Disappointed with DANC

The DANC board voted unanimously to install Sen. James Wright as Executive Director. I'm not surprised that he was appointed, but I am surprised by the unanimous selection.

Current members of the DANC board have stated that they do not want to politicize the Authority, and they ask county boards of legislature to keep that in mind when making appointments. With their choice of Jim Wright, the DANC board has fully politicized their work. Regardless of resume, Wright's selection has taken an organization that was built to promote the economic well-being of Northern New York and given the perception that it is a political spoil.

On more of a personal note, I have never spoken with Sen. Wright, despite the position I have and the fact that he was my State Senator.

I attended the announcement that General Motors was "idling" their plant in Massena. Senator Wright was also in attendance, as was Gov. Spitzer, Lt. Gov. Paterson, Senator Griffo, Assemblyman Aubertine and Assemblywoman Scozzafava. Each official spoke about the closing and what his or her office would be doing. Most of them seemed involved during the announcement.

Except for Senator Wright.

He seemed to be text messaging constantly. I don't know what it was about. Maybe he was keeping in touch with the CEO of GM, or he was proposing legislation for Congressman McHugh to bring forward about job losses in the age of free trade agreements. Or maybe he was in touch with his office about trivial matters or concerns in other areas of his district. I don't know.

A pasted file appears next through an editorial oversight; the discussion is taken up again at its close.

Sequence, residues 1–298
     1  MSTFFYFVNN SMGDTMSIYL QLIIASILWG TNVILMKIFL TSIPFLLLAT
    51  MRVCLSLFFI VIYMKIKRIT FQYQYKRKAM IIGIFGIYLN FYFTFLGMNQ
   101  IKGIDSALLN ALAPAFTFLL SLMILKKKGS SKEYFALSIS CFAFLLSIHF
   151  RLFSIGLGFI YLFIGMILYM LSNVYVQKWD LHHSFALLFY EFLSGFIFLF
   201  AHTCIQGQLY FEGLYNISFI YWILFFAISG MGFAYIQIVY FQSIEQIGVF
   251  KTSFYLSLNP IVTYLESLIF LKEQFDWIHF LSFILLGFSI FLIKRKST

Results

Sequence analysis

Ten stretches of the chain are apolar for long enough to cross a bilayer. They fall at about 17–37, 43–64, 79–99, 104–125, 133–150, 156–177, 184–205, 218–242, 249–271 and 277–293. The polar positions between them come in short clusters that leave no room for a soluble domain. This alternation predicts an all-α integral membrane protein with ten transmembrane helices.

I know that announcement was important to the families of 500 people who were losing their jobs in Massena. It was important to a community that had seen its manufacturing base decrease by two-thirds in the last thirty years. And it was important to have an elected official treat them as if they were important, at least for the few hours that he devoted to them specifically during his many years of public service.

And so, I am nervous, that St. Lawrence County, who is relying on DANC to help rebuild what has been lost, will be overlooked. That the Republican Wright will overlook the Democratic majority in the Legislature. That Wright, who has served Jefferson County well in the past, before becoming a State Senator, will continue to primarily serve Jefferson County in his position after being a State Senator.

Even with all of that, I pray to God that he succeeds, because if he does, then life will be better for everyone in this area.

Tuesday, February 24, 2009

Tax Cuts Trickle. A Stimulus Pours.

While haggling over the economic recovery package, many conservative Republicans (if they would favor the package at all) argued that it should be dominantly or completely made up of tax-cuts rather than stimulating spending. This assinine argument assumes that we are idiots. Both cutting our income or increasing our spending can hit the bottom line at the same level. The shift is on opposite sides of the ledger, but it's meant to address the different constituencies.

It isn't class warfare; it's political warfare that pits the classes against one another. Trickle down economics ruled the 1980s, the system viewed American society as a slope, with the rich on top and the poor at the bottom. Benefits needed to be poured on the top and those would trickle down to the bottom. Anyone who has actually grown anything on a slope realizes that the trickle dwindles until the bottom is left with almost nothing.

I look at our society and see it as a bell curve. More people earn income that would place them in the middle than at the top. The stimulus package focuses on the middle more than a tax cut package would.

Pour that stimulus straight down on the middle of the curve and watch it flow to both sides.